New Delhi, May 29 (UNI) Dubbing it ''fundamentally and deeply flawed,'' India today rejected the draft Rules text of Doha round, saying it would imperil the livelihoods of millions of poor and vulnerable small and artisanal fishers if not revised.
Calling for revision of the text for greater clarity, Commerce Minister Kamal Nath today said unless and until the text was revised, the process for negotiating drafts on agriculture and industry (NAMA) could not be carried forward.
Commenting on document of Chairman of the Negotiating Group on Rules of Doha Round released in Geneva yesterday, the Minister said, ''one major developed country has again succeeded in holding up the process'' in spite of the near unanimity in the World Trade Organisation to have a revised text on Rules.
The revised text was a must before moving into a horizontal process on agriculture and industry (NAMA) modalities, he added.
He said it was disappointing to note ''one major developed country'' holding up the entire process because of ''its desire to protect its WTO-inconsistent measure of zeroing in anti-dumping.'' He dismissed the working document a mere compilation of ''who said what'' and rejected the reasoning advanced by the Chair for not coming out with a revised text, as a piece of ''inspired fiction.'' On special and differential treatment of fisheries subsidies, which is of vital concern to India, China, Indonesia and many other developing countries, the Minister said the unchanged draft Rules text ''is fundamentally and deeply flawed.'' If accepted, the proposals would imperil the livelihoods of millions of poor and vulnerable small, artisanal fishers and just could not be accepted by India.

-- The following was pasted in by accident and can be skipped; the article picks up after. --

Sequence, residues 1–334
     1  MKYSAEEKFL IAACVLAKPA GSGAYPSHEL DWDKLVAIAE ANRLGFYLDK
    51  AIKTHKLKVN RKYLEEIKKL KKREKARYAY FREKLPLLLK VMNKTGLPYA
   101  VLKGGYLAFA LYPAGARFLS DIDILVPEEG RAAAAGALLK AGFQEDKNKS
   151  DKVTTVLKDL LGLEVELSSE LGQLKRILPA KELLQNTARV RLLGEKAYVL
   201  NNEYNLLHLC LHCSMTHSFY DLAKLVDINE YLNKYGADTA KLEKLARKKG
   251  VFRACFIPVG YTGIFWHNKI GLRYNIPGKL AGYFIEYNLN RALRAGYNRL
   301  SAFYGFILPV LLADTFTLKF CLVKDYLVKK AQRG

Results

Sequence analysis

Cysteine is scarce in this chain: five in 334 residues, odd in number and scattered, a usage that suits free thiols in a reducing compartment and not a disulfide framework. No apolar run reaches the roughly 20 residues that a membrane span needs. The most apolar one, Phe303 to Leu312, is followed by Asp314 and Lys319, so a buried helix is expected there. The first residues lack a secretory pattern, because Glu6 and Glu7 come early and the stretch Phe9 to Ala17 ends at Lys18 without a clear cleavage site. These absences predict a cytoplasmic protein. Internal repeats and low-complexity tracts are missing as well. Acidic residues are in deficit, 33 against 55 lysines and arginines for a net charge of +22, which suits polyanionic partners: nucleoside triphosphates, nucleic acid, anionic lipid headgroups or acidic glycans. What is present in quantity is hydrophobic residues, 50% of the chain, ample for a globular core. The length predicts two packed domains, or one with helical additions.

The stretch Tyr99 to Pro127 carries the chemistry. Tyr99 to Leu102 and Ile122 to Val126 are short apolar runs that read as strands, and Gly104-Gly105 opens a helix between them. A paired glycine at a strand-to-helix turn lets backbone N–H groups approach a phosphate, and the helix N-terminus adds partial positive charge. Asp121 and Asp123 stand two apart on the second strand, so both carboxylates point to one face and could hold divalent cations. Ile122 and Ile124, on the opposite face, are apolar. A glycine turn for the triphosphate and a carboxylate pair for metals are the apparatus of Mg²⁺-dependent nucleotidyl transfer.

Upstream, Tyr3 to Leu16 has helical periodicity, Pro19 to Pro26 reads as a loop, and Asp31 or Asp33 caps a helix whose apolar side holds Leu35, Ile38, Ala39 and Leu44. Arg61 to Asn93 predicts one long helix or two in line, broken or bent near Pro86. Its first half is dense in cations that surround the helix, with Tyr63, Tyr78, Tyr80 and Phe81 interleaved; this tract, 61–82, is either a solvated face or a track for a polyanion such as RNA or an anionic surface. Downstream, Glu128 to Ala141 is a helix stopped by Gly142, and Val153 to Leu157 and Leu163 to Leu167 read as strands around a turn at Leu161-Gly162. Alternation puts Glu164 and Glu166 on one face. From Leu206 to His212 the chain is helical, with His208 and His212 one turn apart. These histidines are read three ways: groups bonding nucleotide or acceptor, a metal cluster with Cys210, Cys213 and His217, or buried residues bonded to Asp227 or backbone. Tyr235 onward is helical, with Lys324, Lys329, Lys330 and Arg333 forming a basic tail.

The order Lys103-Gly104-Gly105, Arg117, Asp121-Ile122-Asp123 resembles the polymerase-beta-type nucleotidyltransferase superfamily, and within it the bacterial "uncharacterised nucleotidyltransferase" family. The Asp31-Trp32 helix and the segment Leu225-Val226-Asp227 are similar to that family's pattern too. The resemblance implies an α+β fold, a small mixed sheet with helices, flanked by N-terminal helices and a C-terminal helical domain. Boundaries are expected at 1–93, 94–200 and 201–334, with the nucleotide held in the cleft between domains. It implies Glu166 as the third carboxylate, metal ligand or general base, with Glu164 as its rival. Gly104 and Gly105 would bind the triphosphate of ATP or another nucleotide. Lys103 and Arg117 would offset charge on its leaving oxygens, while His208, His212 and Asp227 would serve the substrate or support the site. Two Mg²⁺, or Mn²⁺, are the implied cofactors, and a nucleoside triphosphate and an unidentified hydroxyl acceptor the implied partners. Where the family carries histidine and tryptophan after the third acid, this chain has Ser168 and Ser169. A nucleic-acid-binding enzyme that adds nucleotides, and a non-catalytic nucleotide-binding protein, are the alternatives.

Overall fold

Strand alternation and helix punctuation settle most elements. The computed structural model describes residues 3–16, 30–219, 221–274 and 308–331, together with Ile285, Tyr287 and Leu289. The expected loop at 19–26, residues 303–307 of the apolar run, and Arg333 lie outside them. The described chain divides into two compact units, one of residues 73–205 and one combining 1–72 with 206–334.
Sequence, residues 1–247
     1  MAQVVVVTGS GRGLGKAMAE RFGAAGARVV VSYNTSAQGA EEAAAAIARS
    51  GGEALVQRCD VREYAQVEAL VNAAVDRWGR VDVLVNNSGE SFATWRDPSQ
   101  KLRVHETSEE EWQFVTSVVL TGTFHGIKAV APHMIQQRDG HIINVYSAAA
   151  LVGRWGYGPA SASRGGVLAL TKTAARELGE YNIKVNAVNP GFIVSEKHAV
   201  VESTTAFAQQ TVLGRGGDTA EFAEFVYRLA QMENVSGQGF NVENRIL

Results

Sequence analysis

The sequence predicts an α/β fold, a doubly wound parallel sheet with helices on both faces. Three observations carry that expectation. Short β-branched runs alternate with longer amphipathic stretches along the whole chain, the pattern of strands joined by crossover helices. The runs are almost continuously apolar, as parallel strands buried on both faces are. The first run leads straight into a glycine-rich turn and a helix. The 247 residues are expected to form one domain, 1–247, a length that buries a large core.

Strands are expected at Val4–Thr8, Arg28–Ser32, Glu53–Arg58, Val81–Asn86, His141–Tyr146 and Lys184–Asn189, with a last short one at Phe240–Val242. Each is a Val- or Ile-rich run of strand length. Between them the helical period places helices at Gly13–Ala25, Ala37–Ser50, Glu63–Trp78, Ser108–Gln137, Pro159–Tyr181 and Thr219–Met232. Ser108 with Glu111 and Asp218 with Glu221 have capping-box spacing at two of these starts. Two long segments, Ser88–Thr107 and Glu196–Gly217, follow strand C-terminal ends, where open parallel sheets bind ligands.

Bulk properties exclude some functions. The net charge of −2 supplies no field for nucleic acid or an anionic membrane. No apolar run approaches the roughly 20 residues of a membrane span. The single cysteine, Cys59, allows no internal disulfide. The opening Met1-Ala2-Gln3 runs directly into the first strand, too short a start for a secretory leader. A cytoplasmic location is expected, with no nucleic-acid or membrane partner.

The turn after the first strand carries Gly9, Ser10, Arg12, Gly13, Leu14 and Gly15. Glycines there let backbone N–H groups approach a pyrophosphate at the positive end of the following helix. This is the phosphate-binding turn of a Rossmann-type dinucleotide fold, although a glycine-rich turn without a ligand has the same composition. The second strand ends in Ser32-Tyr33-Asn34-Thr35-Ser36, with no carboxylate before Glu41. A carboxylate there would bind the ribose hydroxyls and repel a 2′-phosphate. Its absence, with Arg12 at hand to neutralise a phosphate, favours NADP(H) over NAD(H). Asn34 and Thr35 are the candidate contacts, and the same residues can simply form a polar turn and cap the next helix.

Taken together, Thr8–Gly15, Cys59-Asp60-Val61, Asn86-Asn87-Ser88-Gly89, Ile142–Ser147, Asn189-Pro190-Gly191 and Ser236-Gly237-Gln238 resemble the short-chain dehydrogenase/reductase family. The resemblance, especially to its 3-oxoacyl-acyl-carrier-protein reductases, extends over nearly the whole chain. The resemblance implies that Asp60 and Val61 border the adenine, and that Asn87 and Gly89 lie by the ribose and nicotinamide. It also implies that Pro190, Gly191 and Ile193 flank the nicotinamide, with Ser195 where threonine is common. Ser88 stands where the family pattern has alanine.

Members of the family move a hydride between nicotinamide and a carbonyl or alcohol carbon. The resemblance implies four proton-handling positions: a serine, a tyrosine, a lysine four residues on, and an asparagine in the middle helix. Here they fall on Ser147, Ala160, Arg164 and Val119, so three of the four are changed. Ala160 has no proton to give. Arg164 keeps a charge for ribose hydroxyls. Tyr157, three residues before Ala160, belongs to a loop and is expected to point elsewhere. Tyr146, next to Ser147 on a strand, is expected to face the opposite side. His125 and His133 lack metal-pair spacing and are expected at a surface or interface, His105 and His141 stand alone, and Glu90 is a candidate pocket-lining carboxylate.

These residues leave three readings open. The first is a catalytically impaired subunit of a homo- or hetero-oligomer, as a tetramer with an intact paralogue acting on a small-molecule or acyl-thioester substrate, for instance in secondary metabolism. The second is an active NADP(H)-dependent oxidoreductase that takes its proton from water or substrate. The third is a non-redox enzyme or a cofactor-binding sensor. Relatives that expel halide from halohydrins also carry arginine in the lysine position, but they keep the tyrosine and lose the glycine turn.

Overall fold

Likening fisheries subsidies to special products in agriculture, he said both are vital to protect the livelihood and food security of the most vulnerable sections of the population.
Mr Nath said India and other developing countries had told the WTO chief and Rules Chair that without a revised Rules text, it would not be possible to move into a horizontal process, culminating in a Ministerial in June.
The Minister wondered whether WTO officials were serious about holding horizontal meetings or they were just succumbing to pressure from ''one major country,'' thereby jeopardising the efforts to conclude the Doha Round by the year end.
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